In This Issue:
From The Pollution Blog, a report from Indonesia: Over the past two years, Blacksmith, working with local partner Yayasan Tambuhak Sinta, has been distributing low-cost retorts (like the one pictured here) to gold miners and gold shop owners in the remote mountains of Central Kalimantan - a hotspot of mercury emissions. These "miracle" retorts can recapture as much as 97% of mercury released during artisanal gold mining.
Blacksmith program manager Meredith Block recently spent a week traveling on foot and by car to reach these villages and mining camps. Read about her trip, and find out how much mercury was prevented from escaping into the atmosphere.
Blacksmith Identifies 600 Polluted Hotspots in Asia
Blacksmith has completed the first ever detailed inventory of polluted sites in Asia, identifying and assessing over 600 hotspots in 17 countries. The project is part of Blacksmith's ongoing international effort to document the world's worst polluted places.
Supported by the Asian Development Bank, the inventory produced a comprehensive picture of the true extent of pollution's toll on the region that until now has only been hinted at.
"The scale of pollution is much greater than we previously thought," says Bret Ericson, Blacksmith's program manager.
Over the course of 18 months, Blacksmith experts not only identified key pollutants in Asia but also analyzed health risks at each site, studied how pollution affects health in the region, developed remediation cost estimates, and explored options for creating a cleanup fund.
Small Scale Operations to Blame, Lead a Key Pollutant
Among the findings was that pollution caused by small-scale family-run operations like informal battery recycling and artisanal gold mining is particularly widespread. The inventory also identified lead as the key pollutant in over one quarter of the sites assessed.
"With this inventory we now have solid data that can be acted upon and shared with governments, pollution experts and funders, who have the power to support cleanup," notes Bret.
And that is what happened in July when Blacksmith organized a meeting in Manila that brought Asian leaders together to work on the pollution problem documented by the inventory.
This means that contaminated sites like the one in Meycauayan city near Manila in the Philippines will not be forgotten and ignored. Here, Blacksmith experts found villagers scavenging in a polluted battery factory for lead-filled items, which they then smelted down in their backyards. Moreover, villagers were also using lead-filled panels from batteries as flooring for their homes, a particularly dangerous practice since children walking barefoot on these are easily poisoned.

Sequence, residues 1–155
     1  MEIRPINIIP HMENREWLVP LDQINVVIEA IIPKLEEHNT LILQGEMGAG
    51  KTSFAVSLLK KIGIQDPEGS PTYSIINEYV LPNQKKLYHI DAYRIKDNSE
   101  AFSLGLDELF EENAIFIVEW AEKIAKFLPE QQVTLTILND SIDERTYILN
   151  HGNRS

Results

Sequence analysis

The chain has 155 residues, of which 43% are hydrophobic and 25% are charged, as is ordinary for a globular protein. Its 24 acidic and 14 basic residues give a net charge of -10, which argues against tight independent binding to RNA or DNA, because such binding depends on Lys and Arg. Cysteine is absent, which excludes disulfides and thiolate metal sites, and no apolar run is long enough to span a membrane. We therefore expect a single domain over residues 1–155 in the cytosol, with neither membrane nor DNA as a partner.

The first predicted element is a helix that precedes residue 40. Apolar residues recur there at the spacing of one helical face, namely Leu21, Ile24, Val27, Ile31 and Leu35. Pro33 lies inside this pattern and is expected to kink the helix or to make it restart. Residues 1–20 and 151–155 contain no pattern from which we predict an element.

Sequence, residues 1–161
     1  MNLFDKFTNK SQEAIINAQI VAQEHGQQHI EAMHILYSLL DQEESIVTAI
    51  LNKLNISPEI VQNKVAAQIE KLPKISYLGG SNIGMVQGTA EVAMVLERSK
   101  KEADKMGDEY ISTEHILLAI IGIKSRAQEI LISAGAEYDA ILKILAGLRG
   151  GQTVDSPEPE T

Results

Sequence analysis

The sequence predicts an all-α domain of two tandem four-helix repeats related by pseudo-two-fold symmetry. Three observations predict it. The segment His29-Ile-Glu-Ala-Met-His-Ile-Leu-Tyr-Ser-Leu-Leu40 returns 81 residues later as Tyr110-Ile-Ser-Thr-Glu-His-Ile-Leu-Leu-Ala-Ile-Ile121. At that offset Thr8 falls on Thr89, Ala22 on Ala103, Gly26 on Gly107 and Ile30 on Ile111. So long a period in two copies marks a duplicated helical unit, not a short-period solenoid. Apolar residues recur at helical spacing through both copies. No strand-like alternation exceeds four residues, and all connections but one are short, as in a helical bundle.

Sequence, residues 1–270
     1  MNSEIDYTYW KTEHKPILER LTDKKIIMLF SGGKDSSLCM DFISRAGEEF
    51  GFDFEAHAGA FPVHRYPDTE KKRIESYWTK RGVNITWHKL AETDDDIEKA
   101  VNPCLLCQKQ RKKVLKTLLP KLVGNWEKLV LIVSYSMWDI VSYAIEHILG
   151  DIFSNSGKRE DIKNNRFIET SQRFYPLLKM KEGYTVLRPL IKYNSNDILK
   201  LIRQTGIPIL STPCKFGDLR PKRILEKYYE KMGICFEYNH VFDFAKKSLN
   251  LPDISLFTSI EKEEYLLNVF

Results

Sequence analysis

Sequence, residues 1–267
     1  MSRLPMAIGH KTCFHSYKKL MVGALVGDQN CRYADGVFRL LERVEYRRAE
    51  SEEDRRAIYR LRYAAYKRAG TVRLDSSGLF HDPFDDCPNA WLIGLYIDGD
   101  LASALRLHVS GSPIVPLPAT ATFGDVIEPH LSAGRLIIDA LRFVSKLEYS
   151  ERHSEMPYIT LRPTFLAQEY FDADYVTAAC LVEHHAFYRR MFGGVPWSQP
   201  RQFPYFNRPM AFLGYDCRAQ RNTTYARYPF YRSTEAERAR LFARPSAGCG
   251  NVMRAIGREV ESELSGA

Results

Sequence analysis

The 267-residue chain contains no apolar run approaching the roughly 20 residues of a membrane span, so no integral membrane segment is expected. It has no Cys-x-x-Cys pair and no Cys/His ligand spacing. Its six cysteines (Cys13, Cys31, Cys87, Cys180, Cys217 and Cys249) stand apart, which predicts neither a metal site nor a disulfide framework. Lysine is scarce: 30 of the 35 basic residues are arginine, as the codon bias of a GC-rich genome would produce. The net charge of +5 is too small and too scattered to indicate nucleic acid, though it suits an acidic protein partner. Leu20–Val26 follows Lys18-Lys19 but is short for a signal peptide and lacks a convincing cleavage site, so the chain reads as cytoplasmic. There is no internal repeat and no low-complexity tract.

"Stories like this appear in the inventory again and again,"says Bret. "Now that we know the extent of the problem, we can begin to put an end to it."
India produces over 8 million tons of toxic waste every year and only has facilities capable of handling half that amount. This is according to Blacksmith's technical advisor in India, Dr. B. Sengupta, who recently gave an interview about India's growing toxic pollution problem.
In India, said Dr. Sengupta, anti-pollution laws exist mainly on paper. Instead of a few mega corporations, India has over five million small and mid-sized industries, making monitoring virtually impossible. Read the full article here.
In July, Blacksmith brought together its partners in China to share results from the various pollution remediation projects completed in the country.
It was an opportunity for those working with Blacksmith in China to meet, greet and exchange stories, experiences and ideas, especially in the area of heavy metals pollution, which has been recognized as a key problem in the country.
Strengthening Ties for New Focus, New Projects
The gathering, in Guangzhou city in Guangdong province, also helped to strengthen crucial ties with Chinese officials, experts and academic leaders, who help facilitate Blacksmith's projects across the country.
Addressing the partners, Blacksmith China director Dr. Sun Xuebing explained that "as an international NGO, our role is to act as facilitator and accelerator to provide technical assistance in responding to local demand. By working with partners, we have the confidence to go further, to contribute more to Chinese environment protection and pollution remediation."
Blacksmith is developing new projects and partnerships with various local agencies as part of China's master plan for heavy metals pollution prevention and remediation.
Following the meeting, Blacksmith and the China Research Academy for Environment Sciences conducted a joint scoping mission to South China, which suffers from serious heavy metals pollution.
Attending the meeting were representatives from the China Research Academy of Environment Sciences, the Institute of Geographic Sciences and Natural Resources Research-China Academy of Sciences, Guangdong Institute of Eco-Environment and Soil Sciences, Huazhong University of Science and Technology, Guangdong University of Technology, and the Rockefeller Brothers Fund's South China program director Madam Shenyu Guo.
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